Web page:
Oppositors bare Carpio links to Jancom contract
FINGERPRINTS ON PAPERS?: Since the spokesman of the Supreme Court himself left the door open for discussing Associate Justice Antonio T. Carpio’s handling of the controversial $350-million incineration agreement between the government and Jancom Environmental Corp., we have to share with the public more information on the matter.
Several non-government organizations and pro-environment individuals opposing the deal have said among other things that:
- Justice Carpio, who is a member of the third division of the high court that heard the Jancom case (he inhibited himself), was the Chief Presidential Legal Counsel when Malacanang was laying the basis for the Jancom contract under the Ramos administration.
- Justice Carpio was also the former lawyer of Vivendi/CGEA which is part-owner of Jancom.
- Justice Carpio’s inhibition was not enough under the rules, but that the case should have been reraffled to another division of the high court.
Oppositors have also pointed out that the contract violates the Clean Air Act because it uses incineration that the law forbids; that Jancom did not pay the required performance bond before signing the contract; that the required signature of the President of the Republic is missing from the contract; and that the final contents of the contract substantially deviated from the original terms of the project without the approval of the National Economic and Development Authority or the project going through rebidding.
Despite the objections, the Supreme Court through its third division ruled with finality days ago that the Jancom contract was valid.
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FILLING THE DATE GAP: Assistant Court Administrator Ismael G. Khan Jr., the SC information chief, has confirmed in a letter to the STAR that Justice Carpio was once the lawyer of Vivendi/CGEA, but denied that he was Chief Presidential Legal Counsel for the government when the Jancom deal was still being processed.
Khan said that from the time of the first pre-bid conference on May 2, 1996, to the signing of the waste management contract on Dec. 19, 1997, Justice Carpio was no longer Chief Presidential Legal Counsel. He added that the contract was submitted to the Office of the President on March 5, 1998, more than two years after counsel Carpio resigned from the Ramos Cabinet on Feb. 15, 1996.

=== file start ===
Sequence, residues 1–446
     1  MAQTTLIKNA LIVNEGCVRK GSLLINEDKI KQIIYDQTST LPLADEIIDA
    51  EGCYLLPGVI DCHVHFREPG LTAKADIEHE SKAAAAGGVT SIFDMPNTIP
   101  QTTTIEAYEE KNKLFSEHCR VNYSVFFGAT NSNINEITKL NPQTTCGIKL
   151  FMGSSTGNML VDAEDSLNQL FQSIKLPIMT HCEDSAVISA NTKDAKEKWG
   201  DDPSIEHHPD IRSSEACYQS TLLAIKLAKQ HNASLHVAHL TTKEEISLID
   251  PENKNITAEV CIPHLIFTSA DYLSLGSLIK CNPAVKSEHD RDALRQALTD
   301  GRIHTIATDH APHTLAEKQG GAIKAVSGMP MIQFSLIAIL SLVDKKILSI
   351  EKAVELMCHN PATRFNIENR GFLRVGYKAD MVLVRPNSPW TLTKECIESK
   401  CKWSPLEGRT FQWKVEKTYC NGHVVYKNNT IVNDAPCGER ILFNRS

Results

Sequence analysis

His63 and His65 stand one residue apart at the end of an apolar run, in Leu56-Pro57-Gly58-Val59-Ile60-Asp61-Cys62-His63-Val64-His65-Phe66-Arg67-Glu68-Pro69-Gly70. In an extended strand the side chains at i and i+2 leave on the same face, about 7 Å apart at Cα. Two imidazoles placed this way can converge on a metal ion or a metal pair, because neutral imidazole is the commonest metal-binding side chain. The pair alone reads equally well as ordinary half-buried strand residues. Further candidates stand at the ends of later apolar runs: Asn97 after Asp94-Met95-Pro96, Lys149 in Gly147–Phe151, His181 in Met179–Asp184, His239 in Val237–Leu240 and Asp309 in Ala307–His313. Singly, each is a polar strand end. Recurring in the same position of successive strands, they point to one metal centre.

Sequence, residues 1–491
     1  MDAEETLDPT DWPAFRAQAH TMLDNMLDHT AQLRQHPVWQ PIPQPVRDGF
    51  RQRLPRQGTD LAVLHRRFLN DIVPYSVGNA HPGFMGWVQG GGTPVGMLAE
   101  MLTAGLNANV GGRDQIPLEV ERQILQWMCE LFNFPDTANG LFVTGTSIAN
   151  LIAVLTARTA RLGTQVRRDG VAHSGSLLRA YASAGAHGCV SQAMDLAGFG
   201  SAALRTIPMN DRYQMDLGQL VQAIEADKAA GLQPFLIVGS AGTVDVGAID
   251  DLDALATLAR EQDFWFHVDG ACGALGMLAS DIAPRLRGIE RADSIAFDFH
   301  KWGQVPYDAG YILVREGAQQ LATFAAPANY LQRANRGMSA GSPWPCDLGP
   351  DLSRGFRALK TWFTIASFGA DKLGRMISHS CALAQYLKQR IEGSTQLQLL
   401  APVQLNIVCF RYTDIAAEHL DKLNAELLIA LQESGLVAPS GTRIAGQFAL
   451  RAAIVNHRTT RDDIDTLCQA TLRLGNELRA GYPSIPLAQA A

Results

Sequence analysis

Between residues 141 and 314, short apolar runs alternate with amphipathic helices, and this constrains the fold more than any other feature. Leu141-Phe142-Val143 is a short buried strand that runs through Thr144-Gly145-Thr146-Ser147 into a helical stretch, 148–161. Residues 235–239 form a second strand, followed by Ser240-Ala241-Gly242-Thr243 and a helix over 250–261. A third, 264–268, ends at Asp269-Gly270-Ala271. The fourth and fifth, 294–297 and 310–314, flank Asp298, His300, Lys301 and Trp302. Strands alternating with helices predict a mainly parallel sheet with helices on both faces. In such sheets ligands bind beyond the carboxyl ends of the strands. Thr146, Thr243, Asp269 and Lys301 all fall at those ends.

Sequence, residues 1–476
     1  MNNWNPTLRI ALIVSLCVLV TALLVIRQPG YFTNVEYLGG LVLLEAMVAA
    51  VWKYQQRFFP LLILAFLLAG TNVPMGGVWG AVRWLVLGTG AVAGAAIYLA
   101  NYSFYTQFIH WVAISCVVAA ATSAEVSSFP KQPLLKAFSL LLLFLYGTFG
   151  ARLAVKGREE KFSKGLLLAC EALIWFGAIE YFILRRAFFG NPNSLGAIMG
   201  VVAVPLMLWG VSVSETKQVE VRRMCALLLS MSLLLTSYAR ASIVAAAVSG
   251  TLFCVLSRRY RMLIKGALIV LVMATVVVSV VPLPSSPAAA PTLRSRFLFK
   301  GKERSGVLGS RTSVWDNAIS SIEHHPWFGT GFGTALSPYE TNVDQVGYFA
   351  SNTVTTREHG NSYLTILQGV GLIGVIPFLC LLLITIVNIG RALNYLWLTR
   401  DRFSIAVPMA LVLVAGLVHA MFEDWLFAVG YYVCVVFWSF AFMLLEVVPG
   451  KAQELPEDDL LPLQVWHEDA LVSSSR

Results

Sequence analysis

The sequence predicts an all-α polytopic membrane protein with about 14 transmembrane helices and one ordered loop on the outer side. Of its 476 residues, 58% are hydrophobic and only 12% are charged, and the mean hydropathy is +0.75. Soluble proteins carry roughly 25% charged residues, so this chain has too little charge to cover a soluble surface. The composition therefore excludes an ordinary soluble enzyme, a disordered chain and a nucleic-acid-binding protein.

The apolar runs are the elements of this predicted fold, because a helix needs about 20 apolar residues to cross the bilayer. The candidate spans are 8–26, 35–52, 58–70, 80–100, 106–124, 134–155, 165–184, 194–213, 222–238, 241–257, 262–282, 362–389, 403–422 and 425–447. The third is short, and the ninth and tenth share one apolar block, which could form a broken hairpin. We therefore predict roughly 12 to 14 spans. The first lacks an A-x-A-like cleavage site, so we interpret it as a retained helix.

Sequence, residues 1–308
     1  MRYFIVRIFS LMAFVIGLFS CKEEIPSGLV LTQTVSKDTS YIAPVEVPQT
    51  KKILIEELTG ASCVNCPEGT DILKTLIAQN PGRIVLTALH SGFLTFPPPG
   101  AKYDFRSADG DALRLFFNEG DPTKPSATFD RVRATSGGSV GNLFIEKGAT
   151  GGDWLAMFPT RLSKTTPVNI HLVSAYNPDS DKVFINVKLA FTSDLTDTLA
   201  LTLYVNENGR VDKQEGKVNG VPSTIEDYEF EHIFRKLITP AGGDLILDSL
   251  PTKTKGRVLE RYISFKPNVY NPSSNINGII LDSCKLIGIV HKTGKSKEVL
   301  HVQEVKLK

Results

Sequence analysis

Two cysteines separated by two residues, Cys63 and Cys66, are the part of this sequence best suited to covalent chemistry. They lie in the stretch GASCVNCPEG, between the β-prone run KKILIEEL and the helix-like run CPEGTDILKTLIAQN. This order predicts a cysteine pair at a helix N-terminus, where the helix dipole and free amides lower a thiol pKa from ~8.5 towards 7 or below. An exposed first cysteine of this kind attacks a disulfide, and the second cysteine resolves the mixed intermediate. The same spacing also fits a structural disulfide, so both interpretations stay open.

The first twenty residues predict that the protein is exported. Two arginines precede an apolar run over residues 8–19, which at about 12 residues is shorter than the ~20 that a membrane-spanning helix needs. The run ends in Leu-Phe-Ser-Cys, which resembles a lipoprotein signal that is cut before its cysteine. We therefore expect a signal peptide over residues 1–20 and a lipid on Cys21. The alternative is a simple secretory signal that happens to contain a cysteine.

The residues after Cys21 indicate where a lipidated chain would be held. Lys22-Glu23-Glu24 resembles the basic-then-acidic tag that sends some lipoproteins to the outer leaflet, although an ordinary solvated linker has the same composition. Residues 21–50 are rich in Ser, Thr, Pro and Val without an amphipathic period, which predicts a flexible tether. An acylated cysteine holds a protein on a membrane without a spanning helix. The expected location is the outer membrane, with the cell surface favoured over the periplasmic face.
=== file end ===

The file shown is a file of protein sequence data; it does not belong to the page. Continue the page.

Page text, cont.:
Why did Khan start his reckoning only from May 2, 1996? Justice Carpio became Chief Presidential Legal Counsel in June 1992. Since Khan left out his activities before May 1996, the oppositors offered to refresh our memory by reporting what happened in relation to the project in the inner sanctum of Malacanang before that date.
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KHAN’S SANITIZED CALENDAR: This is the oppositors’ summary — not ours — of what transpired in connection with the Jancom deal while Justice Carpio was still Malacanang’s legal chief (but whose details were left out by Khan in his sanitized calendar):
April 20, 1994 — President Fidel V. Ramos issues Memorandum No. 202 prepared by the Office of the Presidential Legal Counsel ordering the creation of the Executive Committee (“Excom”) to oversee and develop the waste disposal sites in San Mateo, Rizal, and Carmona, Cavite, under a Build-Operate-Transfer scheme.
Jan. 25, 1995 — Invitation to bid is published, including the terms of reference of the public bidding specifying incineration as the waste disposal technology.
June 27, 1995 – In the third PBAC (Prequalifications, Bids and Awards Committee) technical working group meeting, HUDCC Secretary General Oscar Hidalgo explains that CORD-NCR chairman Dionisio C. dela Serna wants the project “implemented/awarded by August 1995,” and will ask for the assistance of Presidential Legal Counsel Carpio to find legal ways to fast track the project.
July 25, 1995 — Dela Serna sends a confidential memorandum to President Ramos stating that he had arranged with the prequalified proponents to allow only Jancom to bid for the San Mateo site so the award could be finalized for the President’s coming state visit to Australia the following month. The other bidders had been advised to bid only for the other site in Carmona to leave the San Mateo site to Jancom.